"It is well established that where African customary law is neither well known nor documented, it must be established for the Court's guidance by the party intending to rely on it. It is also trite law that as a matter of practice and convenience in civil cases, relevant customary law, if it is incapable of being judicially noticed, should be proved by evidence of expert opinion adduced by the parties"

 

The claim of the respondent (as claimant) in the Tribunal is quite interesting. In the Amended Statement of Claim in the Tribunal dated 12th August 2004 paragraph 5, it is written;

"5. The Cause of Action arose as hereunder:

5 (a) That on the 17th August 2000 the claimant lawfully acquired a piece of land situate at Kyamugenzi LC 1, the same having been given to him as a gift from the residents (Bataka) of Kyamugenzi, LC 1, Butema Parish, Buhanika Sub-county, Hoima District

  1. That the claimant immediately took possession thereof, constructed a j           semi-permanent residential house, fenced part of the land and started

practicing animal husbandry thereon..." [emphasis added)

It is therefore clear that the respondent's legal claim to the land was that it was a gift to him from the Bataka. The respondent's pleadings are silent on the issue of customary tenure nor is there an averment that it was a custom in that area among the Banyoro to create a customary tenure through a gift from the Bataka. In any event it is  trite law of pleadings that there shall be no departure from pleadings without the leave of the Court or tribunal. A perusal of the proceedings at the tribunal shows that no witness even referred to a form of customary tenure. Indeed even the question of customary tenure was not one of the 3 issues  to be determined by the Tribunal. It appears that the question of customary tenure was first raised during the submissions of the parties to the tribunal.

We have carefully perused the record, and it is our finding that there was no evidence led or adduced to prove the custom that LCs and the Bataka (local elders) can allocate land in the form of a gift from which arises a customary  interest in Bunyoro. First and foremost, as found by the Land tribunal, ownership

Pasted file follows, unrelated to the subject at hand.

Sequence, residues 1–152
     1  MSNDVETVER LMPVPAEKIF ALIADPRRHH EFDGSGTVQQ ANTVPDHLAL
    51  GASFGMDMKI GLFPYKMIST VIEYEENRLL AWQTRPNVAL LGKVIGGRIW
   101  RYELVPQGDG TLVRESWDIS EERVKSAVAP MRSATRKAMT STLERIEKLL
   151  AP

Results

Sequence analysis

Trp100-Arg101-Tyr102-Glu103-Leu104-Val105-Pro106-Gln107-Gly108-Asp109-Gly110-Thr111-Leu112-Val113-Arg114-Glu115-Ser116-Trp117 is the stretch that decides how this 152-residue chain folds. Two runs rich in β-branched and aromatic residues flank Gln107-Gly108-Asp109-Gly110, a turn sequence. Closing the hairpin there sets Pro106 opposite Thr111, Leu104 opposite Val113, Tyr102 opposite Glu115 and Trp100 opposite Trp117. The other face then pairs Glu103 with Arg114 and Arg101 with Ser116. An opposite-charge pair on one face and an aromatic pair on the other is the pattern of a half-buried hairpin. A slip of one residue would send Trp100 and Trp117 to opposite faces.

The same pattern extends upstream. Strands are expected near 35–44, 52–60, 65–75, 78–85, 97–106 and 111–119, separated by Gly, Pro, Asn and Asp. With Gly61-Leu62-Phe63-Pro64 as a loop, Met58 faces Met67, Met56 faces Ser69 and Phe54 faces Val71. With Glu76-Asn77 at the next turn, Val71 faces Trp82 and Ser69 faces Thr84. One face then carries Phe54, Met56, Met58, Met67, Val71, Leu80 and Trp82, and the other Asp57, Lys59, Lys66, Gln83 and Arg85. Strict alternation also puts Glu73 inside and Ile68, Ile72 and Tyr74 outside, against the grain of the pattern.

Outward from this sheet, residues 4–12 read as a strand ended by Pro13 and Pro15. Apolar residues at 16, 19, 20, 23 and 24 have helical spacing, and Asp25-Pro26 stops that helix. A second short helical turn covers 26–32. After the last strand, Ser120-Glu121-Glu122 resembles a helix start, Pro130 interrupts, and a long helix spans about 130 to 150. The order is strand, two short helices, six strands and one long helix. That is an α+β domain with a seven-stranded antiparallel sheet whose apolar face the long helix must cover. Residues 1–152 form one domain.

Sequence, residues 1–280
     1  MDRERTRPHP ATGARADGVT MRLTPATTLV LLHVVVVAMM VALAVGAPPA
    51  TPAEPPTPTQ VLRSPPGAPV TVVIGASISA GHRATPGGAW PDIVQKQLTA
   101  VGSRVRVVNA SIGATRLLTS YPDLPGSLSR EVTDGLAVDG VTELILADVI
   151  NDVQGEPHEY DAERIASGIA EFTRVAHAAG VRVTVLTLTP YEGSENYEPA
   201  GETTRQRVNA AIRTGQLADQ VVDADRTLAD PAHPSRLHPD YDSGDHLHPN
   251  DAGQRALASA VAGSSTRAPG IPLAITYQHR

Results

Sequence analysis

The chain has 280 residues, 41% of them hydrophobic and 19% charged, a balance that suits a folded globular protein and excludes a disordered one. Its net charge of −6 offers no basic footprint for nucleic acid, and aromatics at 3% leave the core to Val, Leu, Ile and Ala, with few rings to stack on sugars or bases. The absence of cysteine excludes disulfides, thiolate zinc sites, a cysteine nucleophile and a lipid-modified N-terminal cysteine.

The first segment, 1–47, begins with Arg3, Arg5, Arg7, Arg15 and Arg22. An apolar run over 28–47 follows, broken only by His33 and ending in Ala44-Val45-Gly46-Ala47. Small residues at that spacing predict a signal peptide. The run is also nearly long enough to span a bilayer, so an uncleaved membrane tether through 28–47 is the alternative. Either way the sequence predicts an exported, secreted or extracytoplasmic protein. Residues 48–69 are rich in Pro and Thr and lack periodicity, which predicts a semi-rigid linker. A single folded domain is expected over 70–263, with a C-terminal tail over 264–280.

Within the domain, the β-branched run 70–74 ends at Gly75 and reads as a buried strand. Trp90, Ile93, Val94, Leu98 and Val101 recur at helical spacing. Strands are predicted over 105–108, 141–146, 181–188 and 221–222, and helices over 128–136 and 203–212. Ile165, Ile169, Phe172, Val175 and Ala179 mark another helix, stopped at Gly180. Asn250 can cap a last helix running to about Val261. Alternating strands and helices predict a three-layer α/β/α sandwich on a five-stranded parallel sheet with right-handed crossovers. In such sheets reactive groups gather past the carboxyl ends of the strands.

of the suit property lay with the Hoima District Land Board by virtue of Section 59(l)(a) of the Land Act, Cap 227 and not the Local Council or Bataka of the area.

The Tribunal found that:

"..We wish to note that we agree with counsel for the respondents' submission that LCs or the Bataka do not own land in the district. We also wish to agree with Counsel for the respondent's submission that land in the district, which does not belong to anybody, is held by (the) Land Board in the District in trust of the people and can be given out by the District Land Board..."

On this point of Law we find that the Tribunal made a correct finding. The  Tribunal however goes on to find:

"...Nevertheless, it is a practice that a person who does not want to acquire a registrable interest in the land can go to the local people of the area who upon allowing him to occupy such land which does not belong to anybody and upon occupation and developing such land, it becomes his/her customary holding..."

 At the Tribunal, Businge Robert (PW2, Page 54 of the record being the notes of the Chair of the tribunal), the LC 1 Chairman at the time who was instrumental in giving the respondent the suit land testified that the suit land was about 80-100 acres which the respondent paid for by "...ekita kyomwenge" in terms of money (a calabash of beer).